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The Secret Origin of Miracleman, Pt.1!

By: jkatz

Most people may not be as familiar with the superhero Miracleman as they are with Batman or Superman, and that's a real shame because Miracleman is important for a number of reasons. It's proof that you can do an “edgy” reboot of a character and not end up with a tired cliché. It's proof that even the most shallow, childish concept has potential for a great story. And it's also proof that ownership and copyrights can be a tricky, sticky field to navigate though.

So yes, Miracleman is a truly excellent comic series that you should absolutely go read right away (only after finishing this, of course). But the long and sometimes convoluted history behind the character is every bit as interesting as his actual printed adventures. I've done my best to simplify the account for the average person who doesn't care about this sort of thing while still including the main facts. So without further ado, let's begin!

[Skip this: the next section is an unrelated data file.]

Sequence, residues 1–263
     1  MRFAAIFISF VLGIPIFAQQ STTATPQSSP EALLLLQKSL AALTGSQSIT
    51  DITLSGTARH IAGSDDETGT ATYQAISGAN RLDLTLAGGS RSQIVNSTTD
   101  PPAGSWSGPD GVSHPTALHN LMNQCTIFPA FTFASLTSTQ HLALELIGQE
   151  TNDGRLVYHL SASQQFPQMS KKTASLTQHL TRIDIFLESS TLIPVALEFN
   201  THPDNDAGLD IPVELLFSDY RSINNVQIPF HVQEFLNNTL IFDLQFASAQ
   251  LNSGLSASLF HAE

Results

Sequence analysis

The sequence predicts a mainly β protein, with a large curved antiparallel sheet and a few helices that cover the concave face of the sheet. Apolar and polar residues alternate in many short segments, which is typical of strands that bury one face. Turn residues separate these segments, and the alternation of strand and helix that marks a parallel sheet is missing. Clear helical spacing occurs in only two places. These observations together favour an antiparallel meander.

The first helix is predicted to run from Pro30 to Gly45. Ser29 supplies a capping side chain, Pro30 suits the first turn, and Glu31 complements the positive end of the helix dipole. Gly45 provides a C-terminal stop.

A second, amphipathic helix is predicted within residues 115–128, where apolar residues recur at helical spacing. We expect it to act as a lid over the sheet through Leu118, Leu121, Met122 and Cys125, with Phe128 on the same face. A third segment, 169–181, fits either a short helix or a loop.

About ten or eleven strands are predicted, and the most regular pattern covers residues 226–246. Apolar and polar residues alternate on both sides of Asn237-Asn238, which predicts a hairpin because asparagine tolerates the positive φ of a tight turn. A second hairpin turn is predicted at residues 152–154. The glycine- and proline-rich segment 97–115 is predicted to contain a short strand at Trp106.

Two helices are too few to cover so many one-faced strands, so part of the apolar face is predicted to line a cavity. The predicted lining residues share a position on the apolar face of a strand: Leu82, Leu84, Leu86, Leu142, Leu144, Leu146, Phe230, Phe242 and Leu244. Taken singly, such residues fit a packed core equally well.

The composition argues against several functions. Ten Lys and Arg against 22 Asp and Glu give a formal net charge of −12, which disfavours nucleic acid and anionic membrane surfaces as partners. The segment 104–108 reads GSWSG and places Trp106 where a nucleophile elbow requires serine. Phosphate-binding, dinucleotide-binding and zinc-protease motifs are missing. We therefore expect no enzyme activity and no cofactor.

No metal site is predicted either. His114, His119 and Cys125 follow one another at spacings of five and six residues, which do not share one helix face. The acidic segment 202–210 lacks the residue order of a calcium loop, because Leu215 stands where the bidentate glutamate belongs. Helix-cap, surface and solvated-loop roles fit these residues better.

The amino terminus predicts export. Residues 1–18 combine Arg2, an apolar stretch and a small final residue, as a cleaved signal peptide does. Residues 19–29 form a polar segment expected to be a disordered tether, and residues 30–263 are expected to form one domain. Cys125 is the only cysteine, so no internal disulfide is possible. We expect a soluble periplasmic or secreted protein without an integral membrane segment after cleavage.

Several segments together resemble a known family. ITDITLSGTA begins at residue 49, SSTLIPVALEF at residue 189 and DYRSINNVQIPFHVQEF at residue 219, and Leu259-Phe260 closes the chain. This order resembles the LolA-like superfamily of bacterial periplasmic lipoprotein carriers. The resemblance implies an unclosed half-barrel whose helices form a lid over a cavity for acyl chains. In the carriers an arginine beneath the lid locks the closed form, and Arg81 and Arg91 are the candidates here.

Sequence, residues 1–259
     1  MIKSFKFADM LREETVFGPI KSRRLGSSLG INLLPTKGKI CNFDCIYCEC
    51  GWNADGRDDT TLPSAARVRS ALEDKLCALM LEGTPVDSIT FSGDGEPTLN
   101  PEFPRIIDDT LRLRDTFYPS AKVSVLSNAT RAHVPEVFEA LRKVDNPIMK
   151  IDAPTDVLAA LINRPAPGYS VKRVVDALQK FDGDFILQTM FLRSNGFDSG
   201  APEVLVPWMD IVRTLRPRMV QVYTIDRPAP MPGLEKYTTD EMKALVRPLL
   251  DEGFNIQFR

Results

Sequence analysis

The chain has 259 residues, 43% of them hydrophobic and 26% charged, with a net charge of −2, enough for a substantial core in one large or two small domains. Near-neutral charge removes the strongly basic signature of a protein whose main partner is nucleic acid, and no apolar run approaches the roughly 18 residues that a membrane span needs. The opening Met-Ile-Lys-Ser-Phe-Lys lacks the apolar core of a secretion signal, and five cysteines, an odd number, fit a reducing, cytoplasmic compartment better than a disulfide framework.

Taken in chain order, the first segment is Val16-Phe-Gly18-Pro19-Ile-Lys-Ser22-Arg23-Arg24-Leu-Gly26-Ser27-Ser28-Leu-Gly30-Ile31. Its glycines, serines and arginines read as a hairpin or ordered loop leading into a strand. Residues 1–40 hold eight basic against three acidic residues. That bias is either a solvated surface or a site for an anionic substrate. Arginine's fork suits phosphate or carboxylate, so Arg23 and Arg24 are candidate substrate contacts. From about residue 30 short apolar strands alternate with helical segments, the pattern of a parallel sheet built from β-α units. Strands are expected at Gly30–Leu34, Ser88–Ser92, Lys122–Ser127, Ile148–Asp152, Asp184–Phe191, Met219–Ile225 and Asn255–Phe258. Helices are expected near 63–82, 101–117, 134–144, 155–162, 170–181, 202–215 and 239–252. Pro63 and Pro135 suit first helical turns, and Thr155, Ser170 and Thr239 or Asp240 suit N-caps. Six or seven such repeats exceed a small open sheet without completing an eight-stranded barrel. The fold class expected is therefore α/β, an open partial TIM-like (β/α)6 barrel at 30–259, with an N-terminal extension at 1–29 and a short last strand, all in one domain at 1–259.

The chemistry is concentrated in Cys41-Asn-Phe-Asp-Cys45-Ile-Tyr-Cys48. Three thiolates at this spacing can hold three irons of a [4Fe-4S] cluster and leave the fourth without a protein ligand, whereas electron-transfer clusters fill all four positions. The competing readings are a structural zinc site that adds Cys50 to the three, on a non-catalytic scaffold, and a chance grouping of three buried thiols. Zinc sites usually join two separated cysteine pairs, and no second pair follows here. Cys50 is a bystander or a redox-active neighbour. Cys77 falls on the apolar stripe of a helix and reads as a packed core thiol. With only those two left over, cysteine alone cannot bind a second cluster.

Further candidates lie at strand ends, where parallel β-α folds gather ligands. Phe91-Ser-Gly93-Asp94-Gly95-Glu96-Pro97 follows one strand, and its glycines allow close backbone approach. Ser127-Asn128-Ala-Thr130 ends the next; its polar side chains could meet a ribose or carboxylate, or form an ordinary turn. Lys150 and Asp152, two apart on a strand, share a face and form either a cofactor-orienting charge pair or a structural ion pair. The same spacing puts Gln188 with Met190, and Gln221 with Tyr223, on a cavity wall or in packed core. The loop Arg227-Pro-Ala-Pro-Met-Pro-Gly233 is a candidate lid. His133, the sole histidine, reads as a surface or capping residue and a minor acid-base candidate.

Part 1: ONCE UPON A TIME IN GREAT BRITAIN...

In 1953, DC comics won a longstanding lawsuit against its rival Fawcett, who were the original publishers of Captain Marvel. DC objected to the alleged similarity between Superman and Shazam! (and probably to the fact that he was more popular), so by a court order, Fawcett killed off the series. Superhero comics weren't selling very well at that point anyways; as postwar reader tastes shifted towards genres like crime, horror, and sci-fi.

To be fair to Captain Marvel, that car is a completely different color.